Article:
Testing shell programs

16 Nov.,2022


valve shell

Testing shell programs

Here I present various approaches to testing shell programs and discuss their relative merits. Further discussion of my shell test runner, Urchin, is in a separate article.

No automated tests

The overwhelming majority of shell programs don't have tests; here are some programs that didn't have tests as of 2012.

Didn't have tests in 2012

  • git flow (still no tests in 2016)
  • homeshick (has tests as of 2016)
  • ievms (still no tests in 2016)
  • rbenv (has tests as of 2016)
  • z (still no tests in 2016)

Here are some that didn't have tests as of 2016. Some of these are very concise, and I imagine that is part of how they do fine without tests.

And here are some shell profiles that similarly lacked tests.

Simple single-file test

Some projects test with a long file that does a bunch of things and prints lots of output; the test is to compare the output to the expected output and make sure that it is exactly the same.

You use them like this.

  1. Write decent error messages in the program you are testing.
  2. Write a sequence of commands with your program that should work.
  3. Run that sequence of commands.
  4. Look for error messages.

This can get messy.

Functions, or something like functions, as test cases

This approach is somewhat standard in other languages: Write functions inside of files or classes, and run assertions within those functions. Failed assertions and other errors are caught and raised.

In some cases these libraries use shell's built-in error handling, and in other cases they add their own assertion functions.

Implementations of this approach

Now let's discuss some implementations of this approach.


In Roundup, test cases are functions, and their return code determines whether the test passes. Shell already has a nice assertion function called test, so Roundup doesn't need to implement its own. It also provides its own way of structuring your tests; you can use the describe function to name your tests, and you can define before and after functions to be run before and after test cases, respectively. Here's a simple example from the Roundup documentation.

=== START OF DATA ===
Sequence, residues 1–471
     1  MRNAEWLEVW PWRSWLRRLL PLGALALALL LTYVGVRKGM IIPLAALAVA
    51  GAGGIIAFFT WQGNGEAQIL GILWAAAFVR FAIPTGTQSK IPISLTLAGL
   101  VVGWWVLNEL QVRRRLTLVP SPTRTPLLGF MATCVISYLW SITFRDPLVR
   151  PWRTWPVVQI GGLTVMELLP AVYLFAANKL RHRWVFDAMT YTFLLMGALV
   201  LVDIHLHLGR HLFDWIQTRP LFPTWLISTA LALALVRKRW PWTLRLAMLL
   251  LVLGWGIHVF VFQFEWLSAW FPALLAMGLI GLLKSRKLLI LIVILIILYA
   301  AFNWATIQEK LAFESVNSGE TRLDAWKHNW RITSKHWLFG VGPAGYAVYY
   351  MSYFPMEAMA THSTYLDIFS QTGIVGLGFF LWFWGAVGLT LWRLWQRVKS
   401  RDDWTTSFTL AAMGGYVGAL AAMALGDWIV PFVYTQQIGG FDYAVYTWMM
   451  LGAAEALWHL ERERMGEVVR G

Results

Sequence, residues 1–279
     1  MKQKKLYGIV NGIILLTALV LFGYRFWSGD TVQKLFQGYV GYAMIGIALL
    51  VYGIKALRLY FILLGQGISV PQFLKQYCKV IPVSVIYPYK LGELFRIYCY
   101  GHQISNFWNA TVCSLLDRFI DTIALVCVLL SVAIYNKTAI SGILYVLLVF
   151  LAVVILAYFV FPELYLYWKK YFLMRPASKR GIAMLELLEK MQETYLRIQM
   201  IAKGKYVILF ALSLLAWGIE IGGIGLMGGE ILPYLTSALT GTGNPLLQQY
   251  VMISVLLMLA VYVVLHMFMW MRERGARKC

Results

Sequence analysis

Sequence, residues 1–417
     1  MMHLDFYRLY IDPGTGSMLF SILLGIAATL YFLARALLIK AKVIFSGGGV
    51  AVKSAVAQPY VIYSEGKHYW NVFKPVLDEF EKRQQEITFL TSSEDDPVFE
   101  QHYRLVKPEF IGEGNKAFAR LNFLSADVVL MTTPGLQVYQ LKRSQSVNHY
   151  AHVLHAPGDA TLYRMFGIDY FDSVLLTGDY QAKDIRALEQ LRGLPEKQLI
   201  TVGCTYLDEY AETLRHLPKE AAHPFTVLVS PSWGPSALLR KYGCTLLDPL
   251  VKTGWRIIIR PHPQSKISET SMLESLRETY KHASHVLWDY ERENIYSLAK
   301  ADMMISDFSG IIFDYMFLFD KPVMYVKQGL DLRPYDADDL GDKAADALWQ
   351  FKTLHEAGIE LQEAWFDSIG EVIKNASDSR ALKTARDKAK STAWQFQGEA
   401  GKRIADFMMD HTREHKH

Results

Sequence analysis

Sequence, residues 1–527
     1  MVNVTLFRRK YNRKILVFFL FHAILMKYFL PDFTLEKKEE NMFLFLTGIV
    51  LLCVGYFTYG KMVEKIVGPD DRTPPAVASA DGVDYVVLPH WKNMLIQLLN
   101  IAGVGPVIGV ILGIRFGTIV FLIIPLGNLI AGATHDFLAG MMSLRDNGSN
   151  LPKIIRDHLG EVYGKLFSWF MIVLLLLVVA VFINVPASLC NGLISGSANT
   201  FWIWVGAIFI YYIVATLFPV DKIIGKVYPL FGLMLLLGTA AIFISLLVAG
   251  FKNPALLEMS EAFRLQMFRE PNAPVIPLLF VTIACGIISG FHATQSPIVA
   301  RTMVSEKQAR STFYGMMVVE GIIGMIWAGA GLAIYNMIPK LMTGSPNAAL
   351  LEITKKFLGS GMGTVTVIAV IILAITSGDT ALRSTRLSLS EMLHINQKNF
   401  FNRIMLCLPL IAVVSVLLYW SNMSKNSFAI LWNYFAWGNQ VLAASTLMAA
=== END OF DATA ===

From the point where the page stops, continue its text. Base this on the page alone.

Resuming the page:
describe "My Utility"

it_displays_usage() {
  usage=$(./my-utility | head -n 1)
  test "$usage" = "usage: my-utility [arg1 ... argN]"

You can see more Roundup tests in spark.

As far as I can tell, there is no standard way of listing all of the functions that are presently defined in a shell process. (Bash has declare, but that isn't standard.) Roundup uses regular expressions to look for function names within files; here is the relevant section.

# Seek test methods and aggregate their names, forming a test plan.
# This is done before populating the sandbox with tests to avoid odd
# conflicts.
  grep "^it_.*()" $roundup_p           |
  sed "s/\(it_[a-zA-Z0-9_]*\).*$/\1/g"


shunit follows the same paradigm of organizing things into functions, but it defines its own assertion functions, like assertEquals and assertFalse git-ftp uses it.

test_inits() {
  init=$($GIT_FTP init)
  assertEquals 0 $?
  assertTrue 'file does not exist' "remote_file_exists 'test 1.txt'"
  assertTrue 'file differs' "remote_file_equals 'test 1.txt'"

Like Roundup, shunit expects tests to be organized into functions and uses its own regular expression to list the functions; here is the relevant section in shunit.

# extract the lines with test function names, strip of anything besides the
# function name, and output everything on a single line.
_shunit_regex_='^[  ]*(function )*test[A-Za-z0-9_]* *\(\)'
egrep "${_shunit_regex_}" "${_shunit_script_}" \
|sed 's/^[^A-Za-z0-9_]*//;s/^function //;s/\([A-Za-z0-9_]*\).*/\1/g' \